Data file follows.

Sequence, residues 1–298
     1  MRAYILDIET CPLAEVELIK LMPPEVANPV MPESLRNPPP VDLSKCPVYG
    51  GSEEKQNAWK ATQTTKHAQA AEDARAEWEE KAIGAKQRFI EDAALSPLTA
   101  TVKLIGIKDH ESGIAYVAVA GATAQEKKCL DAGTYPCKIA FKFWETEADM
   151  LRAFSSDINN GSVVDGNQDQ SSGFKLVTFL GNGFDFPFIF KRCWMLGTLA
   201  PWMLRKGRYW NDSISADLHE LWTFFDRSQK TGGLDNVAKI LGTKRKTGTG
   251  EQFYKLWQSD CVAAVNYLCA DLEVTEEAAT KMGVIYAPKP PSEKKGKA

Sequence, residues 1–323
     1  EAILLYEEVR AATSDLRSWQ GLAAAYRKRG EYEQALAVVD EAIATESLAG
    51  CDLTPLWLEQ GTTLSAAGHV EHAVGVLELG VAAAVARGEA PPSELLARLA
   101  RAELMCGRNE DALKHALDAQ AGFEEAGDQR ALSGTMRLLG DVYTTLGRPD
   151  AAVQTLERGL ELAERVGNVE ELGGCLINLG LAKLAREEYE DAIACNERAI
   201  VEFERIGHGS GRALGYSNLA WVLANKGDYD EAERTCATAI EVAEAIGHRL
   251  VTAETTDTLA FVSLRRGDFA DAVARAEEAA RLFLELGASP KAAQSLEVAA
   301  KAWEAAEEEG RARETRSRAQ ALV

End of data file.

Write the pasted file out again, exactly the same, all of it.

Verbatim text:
Sequence, residues 1–298
     1  MRAYILDIET CPLAEVELIK LMPPEVANPV MPESLRNPPP VDLSKCPVYG
    51  GSEEKQNAWK ATQTTKHAQA AEDARAEWEE KAIGAKQRFI EDAALSPLTA
   101  TVKLIGIKDH ESGIAYVAVA GATAQEKKCL DAGTYPCKIA FKFWETEADM
   151  LRAFSSDINN GSVVDGNQDQ SSGFKLVTFL GNGFDFPFIF KRCWMLGTLA
   201  PWMLRKGRYW NDSISADLHE LWTFFDRSQK TGGLDNVAKI LGTKRKTGTG
   251  EQFYKLWQSD CVAAVNYLCA DLEVTEEAAT KMGVIYAPKP PSEKKGKA

Sequence, residues 1–323
     1  EAILLYEEVR AATSDLRSWQ GLAAAYRKRG EYEQALAVVD EAIATESLAG
    51  CDLTPLWLEQ GTTLSAAGHV EHAVGVLELG VAAAVARGEA PPSELLARLA
   101  RAELMCGRNE DALKHALDAQ AGFEEAGDQR ALSGTMRLLG DVYTTLGRPD
   151  AAVQTLERGL ELAERVGNVE ELGGCLINLG LAKLAREEYE DAIACNERAI
   201  VEFERIGHGS GRALGYSNLA WVLANKGDYD EAERTCATAI EVAEAIGHRL
   251  VTAETTDTLA FVSLRRGDFA DAVARAEEAA RLFLELGASP KAAQSLEVAA
   301  KAWEAAEEEG RARETRSRAQ ALV